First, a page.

Integrated Positron Emission Tomography-Computed Tomography Does Not Accurately Stage Intrathoracic Disease of Patients Undergoing Trimodality Therapy for Malignant Pleural Mesothelioma
ABSTRACT The results of trimodality therapy for malignant pleural mesothelioma (MPM) are related to stage. Staging can be carried out by computed tomography (CT), magnetic resonance imaging and fluorodeoxyglucose positron emission tomography (FDG-PET), but all modalities suffer from limitations. We investigated whether integrated PET-CT improved the intrathoracic staging of patients undergoing trimodality therapy for MPM.
Twenty consecutive patients [18 male, median age 62 years (range 52-68)] who underwent 24 PET-CT scans prior to extrapleural pneumonectomy (EPP) as part of trimodality therapy for MPM were reviewed. The intrathoracic stage of MPM on PET-CT was compared with the pathological stage following examination of the resected specimen. Patients excluded from radical surgery due to metastatic disease were not studied here.
PET-CT was performed a median of 119 days (range 2-229) prior to EPP. 16 scans were performed after talc pleurodesis. Nine scans were performed following chemotherapy. PET-CT correctly identified the T stage in 3 patients, overstaged 4 and understaged 17. Six scans failed to identify disease that later proved to be pT4. Nine patients were found to have pN2 disease; PET-CT identified N2 disease with a sensitivity of 11.1 %, specificity of 93 % and accuracy of 66 %. Previous talc pleurodesis did not alter the accuracy of PET-CT staging.
In one of the few studies of integrated PET-CT in MPM that has complete pathological correlation we have shown that PET-CT does not accurately identify advanced tumor stage (T4) or mediastinal nodal disease (N2). The role of PET-CT staging prior to EPP lies outside the affected hemithorax.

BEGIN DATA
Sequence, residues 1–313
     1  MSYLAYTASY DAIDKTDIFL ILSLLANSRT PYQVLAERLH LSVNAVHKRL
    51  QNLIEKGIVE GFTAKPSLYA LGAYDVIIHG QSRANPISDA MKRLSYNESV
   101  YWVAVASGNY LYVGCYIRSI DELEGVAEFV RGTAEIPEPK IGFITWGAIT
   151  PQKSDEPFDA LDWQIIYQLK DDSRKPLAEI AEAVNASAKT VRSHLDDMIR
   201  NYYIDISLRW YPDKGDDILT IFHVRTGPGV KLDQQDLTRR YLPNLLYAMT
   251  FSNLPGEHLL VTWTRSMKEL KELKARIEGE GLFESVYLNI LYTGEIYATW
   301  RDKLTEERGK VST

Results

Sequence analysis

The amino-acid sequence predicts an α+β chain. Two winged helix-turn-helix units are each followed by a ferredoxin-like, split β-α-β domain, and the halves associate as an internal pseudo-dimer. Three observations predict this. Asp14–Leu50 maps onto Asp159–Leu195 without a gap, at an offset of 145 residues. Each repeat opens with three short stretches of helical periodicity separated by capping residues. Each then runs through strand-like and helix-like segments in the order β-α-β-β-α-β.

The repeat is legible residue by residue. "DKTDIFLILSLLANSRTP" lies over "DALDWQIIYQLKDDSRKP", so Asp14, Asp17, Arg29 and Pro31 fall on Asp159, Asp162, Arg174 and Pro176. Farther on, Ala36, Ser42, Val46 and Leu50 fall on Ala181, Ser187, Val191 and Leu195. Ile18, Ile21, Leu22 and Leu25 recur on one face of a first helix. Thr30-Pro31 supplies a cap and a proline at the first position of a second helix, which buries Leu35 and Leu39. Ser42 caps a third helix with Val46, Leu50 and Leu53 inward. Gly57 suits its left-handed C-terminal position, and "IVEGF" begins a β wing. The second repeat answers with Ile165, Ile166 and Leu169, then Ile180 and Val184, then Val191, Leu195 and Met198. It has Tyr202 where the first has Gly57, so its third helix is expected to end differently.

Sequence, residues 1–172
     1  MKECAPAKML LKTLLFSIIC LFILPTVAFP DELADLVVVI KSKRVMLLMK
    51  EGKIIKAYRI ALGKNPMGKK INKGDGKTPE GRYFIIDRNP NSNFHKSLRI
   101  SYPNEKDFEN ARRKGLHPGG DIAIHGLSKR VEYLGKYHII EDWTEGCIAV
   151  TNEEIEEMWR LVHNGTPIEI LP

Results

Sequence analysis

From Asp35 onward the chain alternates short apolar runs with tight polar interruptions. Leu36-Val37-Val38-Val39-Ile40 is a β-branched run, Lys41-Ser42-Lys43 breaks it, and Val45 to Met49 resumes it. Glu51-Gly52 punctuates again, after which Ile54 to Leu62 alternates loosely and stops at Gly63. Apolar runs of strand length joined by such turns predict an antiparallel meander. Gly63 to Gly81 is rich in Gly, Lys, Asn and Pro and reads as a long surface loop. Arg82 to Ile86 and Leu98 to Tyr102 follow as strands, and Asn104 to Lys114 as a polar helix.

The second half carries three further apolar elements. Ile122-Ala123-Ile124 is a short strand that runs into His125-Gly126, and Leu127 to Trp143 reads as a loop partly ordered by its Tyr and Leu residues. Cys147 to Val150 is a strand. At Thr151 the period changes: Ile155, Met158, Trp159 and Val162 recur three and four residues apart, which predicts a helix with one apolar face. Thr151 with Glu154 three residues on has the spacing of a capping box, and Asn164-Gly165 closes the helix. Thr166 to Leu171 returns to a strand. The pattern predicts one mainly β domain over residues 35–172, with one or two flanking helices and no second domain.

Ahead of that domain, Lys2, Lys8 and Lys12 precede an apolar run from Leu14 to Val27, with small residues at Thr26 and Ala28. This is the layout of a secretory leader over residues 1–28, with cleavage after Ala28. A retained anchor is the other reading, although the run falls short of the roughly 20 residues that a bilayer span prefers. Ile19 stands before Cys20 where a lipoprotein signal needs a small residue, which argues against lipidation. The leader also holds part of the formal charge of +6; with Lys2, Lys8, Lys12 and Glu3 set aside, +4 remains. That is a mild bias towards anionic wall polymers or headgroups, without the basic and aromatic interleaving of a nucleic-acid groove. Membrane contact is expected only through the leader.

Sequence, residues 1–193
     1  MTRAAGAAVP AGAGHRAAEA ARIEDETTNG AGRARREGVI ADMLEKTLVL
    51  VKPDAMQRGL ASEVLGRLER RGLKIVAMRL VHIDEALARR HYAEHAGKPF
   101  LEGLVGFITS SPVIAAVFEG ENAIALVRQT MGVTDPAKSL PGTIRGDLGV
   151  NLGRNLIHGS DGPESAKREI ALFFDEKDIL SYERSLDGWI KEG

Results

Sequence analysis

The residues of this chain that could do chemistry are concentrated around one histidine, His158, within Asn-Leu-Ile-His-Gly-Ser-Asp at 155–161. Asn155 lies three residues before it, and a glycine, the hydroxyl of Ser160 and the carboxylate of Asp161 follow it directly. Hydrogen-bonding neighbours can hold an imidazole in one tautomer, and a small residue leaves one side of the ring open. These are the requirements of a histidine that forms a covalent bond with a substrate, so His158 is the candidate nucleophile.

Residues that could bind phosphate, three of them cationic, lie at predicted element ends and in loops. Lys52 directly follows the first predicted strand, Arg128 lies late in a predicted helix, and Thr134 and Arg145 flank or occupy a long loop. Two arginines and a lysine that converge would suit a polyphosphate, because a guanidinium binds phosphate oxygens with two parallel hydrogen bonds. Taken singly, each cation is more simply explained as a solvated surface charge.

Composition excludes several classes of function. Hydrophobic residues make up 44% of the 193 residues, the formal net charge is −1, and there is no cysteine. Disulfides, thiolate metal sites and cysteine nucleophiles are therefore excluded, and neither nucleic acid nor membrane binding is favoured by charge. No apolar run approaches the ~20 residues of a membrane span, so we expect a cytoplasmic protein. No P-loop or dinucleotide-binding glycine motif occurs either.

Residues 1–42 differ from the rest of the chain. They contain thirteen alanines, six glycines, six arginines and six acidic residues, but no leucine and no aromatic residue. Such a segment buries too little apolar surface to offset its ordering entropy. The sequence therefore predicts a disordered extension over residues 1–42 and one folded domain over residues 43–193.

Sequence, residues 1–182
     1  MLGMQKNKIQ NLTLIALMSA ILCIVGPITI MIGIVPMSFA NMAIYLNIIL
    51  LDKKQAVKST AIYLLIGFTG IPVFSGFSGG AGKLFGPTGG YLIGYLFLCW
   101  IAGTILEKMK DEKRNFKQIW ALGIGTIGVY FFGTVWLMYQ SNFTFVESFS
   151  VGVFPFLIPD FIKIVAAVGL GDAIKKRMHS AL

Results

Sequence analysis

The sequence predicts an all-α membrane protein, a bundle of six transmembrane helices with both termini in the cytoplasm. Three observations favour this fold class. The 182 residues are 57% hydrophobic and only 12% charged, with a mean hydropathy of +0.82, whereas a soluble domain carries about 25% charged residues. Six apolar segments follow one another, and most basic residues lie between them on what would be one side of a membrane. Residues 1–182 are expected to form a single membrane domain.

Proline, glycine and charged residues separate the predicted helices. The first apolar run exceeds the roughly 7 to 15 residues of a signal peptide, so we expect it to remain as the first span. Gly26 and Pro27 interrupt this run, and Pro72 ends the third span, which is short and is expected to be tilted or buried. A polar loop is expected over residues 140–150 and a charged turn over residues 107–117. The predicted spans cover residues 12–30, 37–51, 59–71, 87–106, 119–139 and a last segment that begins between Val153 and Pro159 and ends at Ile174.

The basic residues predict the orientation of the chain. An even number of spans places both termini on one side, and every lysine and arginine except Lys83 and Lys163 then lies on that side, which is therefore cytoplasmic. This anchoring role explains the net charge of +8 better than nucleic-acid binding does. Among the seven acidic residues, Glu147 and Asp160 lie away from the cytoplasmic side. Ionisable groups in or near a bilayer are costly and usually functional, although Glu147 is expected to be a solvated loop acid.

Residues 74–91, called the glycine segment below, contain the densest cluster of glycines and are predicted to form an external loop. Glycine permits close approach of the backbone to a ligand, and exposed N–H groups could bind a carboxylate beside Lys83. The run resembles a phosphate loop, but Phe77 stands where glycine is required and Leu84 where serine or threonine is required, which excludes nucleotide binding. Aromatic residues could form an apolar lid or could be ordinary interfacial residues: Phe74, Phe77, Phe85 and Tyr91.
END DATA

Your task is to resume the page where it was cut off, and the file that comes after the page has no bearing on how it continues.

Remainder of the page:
Conference Paper: Using driver's head movements evolution as a drowsiness indicator[Show abstract] [Hide abstract]
ABSTRACT: Many studies have been conducted to try to put forward measurable indicators that could help in the design of alerting devices used to reliably monitor severe driver drowsiness. However, most of these indicators are either too sensitive to environment modifications (performance indicators), invasive for the driver (EEG, EOG...) or are complex and expensive to measure (Eye blinks, PERCLOS...). This study aims at proposing a set of indicators related to driver performance and physiology that could be efficient for monitoring driver drowsiness and be easy to measure. Thirty two subjects took part to a long duration simulated highway trip (336 km) during which performance and physiological data were recorded The analysis of these data puts forward two sets of indicators : firstly, a set of performance indicators whose evolutions are consistent with those described in literature. They ensure the detection of drowsiness during the experiment. Secondly, a set of physiological indicators : the head movements dispersion. This has revealed itself to be a very good indicator as it evolves in the same way as the performance ones on long lasting periods while being poorly influenced by the road environment, contrary to most performance indicators.Intelligent Vehicles Symposium, 2003. Proceedings. IEEE; 07/2003